The last family before this one had said Sylas and Skylar were mystical, called them The Twins. They’d said the trees’ spiritual oneness was concealed. The adolescent daughter, Kendall had taken lots of pictures of Sylas and Skylar, touching their trunks with wonder, talking to them any chance she got and smiling whenever she felt them vibrating beneath her palms.

She’d understood them like no one else.

Kendall was a young woman now and still visited them often, still took their picture.

* * *

Sydney Weathers frowned at her Inbox, hesitant to open the e-mail from the unrecognized address. It had mention of an Earth Day event at The Museum of Natural History, and it looked official. She wasn’t going to open any attachments, but she did open the e-mail.

The Exhibit for the Winners of Nature’s Best Photography Contest is being held in The Biodiversity and Environmental Halls in the Museum of Natural History this year…

Well, that sounded interesting. She loved nature photography, did a little bit of it on the side as a hobby when she wasn’t bogged down at her and her husband’s firm. She also loved visiting museums, and The Museum of Natural History had been her favorite growing up, especially The Hayden Planetarium. She always thought if she hadn’t become an environmental lawyer, she would have become an astronomer. 

The exhibits sounded top-notch, photographers whose work she both knew and loved…except for the young woman who had generated the invite for a sub-event that was being sponsored by the Museum. She was one of the photographers listed, but Syd had never heard of her…Kendall Austen. Must have been an up-and-comer.

“Michael, did you get this invitation?” Sydney turned her laptop to her husband and watched as he glanced at her screen and nodded his head.

“Mr. and Mrs. Weathers. That’s us.”

“Smartass.” She slapped his arm.

“I was going to talk to you about it, see if you wanted to go. It sounds interesting.”

“Do you know anything about the photographer, this Kendall Austen?”

“Never heard of her before. But I like the sounds of the exhibit and the cause.”

“I do too.” It would be a good opportunity to teach the twins about the importance of trees to human survival and being one with all nature. She and her husband liked occasions that provided teaching moments. At six the twins got bored as young children often did, but they were good and sharp kids who drank down knowledge like thirsty plants and were interested in the work their mother and father did to help the environment.

“So, we’re going?” Michael arched a brow.

“Send in your RSVP for Mr. and Mrs. Weathers plus two.”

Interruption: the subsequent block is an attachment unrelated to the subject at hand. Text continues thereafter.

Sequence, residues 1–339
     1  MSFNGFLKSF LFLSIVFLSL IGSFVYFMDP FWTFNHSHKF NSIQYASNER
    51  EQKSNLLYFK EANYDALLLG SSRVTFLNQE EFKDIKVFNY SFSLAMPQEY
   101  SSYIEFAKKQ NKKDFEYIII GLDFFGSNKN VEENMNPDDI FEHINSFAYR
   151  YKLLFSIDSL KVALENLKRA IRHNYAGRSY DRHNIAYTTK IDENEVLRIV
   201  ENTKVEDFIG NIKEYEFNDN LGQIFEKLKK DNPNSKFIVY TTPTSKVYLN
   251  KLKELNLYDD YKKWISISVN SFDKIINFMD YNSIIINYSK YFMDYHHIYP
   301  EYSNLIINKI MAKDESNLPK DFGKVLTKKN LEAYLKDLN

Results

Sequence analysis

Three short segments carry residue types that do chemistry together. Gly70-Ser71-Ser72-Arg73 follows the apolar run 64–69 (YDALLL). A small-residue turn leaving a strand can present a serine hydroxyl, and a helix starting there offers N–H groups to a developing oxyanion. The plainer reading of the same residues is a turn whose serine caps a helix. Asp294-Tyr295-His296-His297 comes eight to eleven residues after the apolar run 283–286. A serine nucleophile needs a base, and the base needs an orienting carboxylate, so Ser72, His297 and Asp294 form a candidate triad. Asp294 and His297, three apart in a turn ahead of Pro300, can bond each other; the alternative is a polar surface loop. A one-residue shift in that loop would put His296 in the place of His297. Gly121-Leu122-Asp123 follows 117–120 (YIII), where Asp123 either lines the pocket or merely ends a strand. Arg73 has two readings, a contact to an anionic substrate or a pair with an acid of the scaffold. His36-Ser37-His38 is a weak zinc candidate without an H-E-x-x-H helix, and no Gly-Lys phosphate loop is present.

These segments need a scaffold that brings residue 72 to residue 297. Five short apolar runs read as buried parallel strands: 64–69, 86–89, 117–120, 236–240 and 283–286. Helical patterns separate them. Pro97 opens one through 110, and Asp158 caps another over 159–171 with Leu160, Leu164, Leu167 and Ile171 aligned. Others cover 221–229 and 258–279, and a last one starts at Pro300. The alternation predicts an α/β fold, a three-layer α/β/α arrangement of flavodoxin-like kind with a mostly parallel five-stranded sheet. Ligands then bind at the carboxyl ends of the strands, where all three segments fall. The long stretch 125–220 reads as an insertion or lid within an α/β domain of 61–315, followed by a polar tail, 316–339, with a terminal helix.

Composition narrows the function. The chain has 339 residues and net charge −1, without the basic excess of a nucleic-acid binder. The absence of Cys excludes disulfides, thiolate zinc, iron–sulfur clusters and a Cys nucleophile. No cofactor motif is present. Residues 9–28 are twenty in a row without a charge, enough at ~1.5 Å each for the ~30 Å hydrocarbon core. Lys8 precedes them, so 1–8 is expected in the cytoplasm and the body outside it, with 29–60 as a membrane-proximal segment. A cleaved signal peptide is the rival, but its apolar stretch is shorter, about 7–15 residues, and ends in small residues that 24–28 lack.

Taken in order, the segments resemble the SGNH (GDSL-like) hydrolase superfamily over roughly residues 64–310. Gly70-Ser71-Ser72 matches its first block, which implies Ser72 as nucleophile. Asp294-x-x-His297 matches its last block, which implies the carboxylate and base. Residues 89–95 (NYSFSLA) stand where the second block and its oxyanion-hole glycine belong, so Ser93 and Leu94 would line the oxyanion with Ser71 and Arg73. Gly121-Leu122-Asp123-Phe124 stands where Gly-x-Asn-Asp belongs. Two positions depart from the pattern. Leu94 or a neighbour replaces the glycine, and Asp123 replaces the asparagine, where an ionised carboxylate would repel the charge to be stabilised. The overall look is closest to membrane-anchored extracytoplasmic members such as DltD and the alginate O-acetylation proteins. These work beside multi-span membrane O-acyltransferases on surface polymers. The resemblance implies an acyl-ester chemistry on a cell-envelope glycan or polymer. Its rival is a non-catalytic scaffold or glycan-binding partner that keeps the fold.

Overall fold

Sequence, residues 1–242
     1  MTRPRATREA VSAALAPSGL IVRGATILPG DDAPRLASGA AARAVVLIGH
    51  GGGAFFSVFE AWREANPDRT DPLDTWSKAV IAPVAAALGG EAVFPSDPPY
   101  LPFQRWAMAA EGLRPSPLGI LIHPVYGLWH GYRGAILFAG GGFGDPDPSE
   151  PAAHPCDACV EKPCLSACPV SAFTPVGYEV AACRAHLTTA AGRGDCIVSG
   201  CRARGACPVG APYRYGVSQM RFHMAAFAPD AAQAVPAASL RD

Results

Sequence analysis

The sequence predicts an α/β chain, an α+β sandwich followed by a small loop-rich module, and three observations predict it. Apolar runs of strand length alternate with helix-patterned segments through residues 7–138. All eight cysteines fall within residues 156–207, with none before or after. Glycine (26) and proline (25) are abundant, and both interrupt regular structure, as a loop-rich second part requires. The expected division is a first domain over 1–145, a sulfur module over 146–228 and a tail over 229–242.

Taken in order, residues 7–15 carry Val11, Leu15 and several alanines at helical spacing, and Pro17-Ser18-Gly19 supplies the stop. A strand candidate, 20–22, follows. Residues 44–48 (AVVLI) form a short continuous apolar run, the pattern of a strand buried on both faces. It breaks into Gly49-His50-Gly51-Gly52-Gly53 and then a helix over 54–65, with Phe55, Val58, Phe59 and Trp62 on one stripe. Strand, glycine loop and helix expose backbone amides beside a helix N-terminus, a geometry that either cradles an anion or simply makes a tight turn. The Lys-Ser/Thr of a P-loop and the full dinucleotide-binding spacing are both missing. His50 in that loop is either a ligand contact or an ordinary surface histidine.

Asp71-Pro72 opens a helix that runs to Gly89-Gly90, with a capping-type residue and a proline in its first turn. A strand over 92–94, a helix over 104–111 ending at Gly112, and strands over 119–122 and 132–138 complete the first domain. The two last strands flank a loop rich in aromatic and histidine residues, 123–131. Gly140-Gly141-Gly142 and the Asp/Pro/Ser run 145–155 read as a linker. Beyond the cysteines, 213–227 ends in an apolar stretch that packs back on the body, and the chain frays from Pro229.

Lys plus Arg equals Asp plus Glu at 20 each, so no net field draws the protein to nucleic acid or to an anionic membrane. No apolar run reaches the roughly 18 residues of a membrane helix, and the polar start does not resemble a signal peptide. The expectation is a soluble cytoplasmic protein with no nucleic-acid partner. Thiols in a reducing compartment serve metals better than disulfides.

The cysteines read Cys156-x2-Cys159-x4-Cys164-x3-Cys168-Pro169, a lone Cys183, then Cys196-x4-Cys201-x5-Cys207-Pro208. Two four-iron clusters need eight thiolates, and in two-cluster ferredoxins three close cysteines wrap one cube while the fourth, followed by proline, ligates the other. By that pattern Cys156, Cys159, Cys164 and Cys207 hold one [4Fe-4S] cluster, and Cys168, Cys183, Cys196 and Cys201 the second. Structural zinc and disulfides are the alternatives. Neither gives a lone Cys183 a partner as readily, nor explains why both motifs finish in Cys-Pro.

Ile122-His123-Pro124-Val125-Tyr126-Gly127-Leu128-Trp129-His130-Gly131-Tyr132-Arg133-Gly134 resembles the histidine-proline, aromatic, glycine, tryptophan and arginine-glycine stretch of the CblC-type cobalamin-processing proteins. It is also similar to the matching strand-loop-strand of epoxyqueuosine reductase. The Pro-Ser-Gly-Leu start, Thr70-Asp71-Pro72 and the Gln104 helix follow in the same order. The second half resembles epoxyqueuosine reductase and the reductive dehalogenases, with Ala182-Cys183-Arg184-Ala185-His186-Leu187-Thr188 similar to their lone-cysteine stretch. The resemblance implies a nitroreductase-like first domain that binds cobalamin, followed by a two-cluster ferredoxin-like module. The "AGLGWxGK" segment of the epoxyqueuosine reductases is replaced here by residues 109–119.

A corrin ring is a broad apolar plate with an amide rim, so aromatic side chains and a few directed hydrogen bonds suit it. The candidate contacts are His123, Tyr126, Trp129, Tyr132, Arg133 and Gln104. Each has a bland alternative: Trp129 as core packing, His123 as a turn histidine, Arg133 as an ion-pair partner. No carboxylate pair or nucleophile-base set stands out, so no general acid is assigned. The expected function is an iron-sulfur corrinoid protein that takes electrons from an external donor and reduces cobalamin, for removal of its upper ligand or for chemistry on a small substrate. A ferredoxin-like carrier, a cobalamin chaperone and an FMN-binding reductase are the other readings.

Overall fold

“On it, Ma’am.”

* * *

Kendall Austen and numerous other amateur and professional nature photographers’ work was being displayed in various halls throughout the first floor and Kendell couldn’t have been more proud and honored to be in such illustrious company.

Sean Bagshaw, Sapna Reddy, Cath Simard, Daniel Kordan, Rebecca Simrose, Albert Dros and Scott Kranz were just several of the photographers whose work was being exhibited this week, work she voraciously studied and followed, the photographers all her idols.

Kendall had been wandering the galleries since the Earth Day exhibits had begun, losing herself in the breathtaking and vibrant beauty of all the prints and getting to know her beloved teachers all week. That her work was accomplished enough to be shown in the same zip code as some of the photographs on display still astounded her.

This evening, however, was all about her photos, her trees and her expanded family.


Kendall turned to her mom and grinned. “Not so much since you and Dad are here.” She looked at her father admiring the Museum’s slice of a giant sequoia across the room. Her father was a botanist and sequoias were his favorite tree in the world. Well, except for The Twins.

“This is your moment, baby.” Mom hugged her around the shoulder just as the media and some other guests arrived. “You’re going to do just fine.”

“Thanks Mom.”

“There’s more than just your dad and I he—”

“Kevin!” Kendall spotted her brother coming toward them and opened her arms wide, barely noticing when her mother chuckled, pat her back and unobtrusively left Kendall to her twin sibling. “You made it.”

Kevin wrapped his arms around her and held firm. “I told you I would.”

“I would have understood had you not made it.” Kevin worked with Greenpeace and traveled all over the world in his efforts to save the rain forests. Like the supportive brother he was, Kevin insisted her work was no less important than his in bringing attention to and protecting the environment.

“You’re going to knock them dead. “ Kevin pulled away first and cupped her face with both hands before kissing her forehead. “I wouldn’t have missed this for the world.”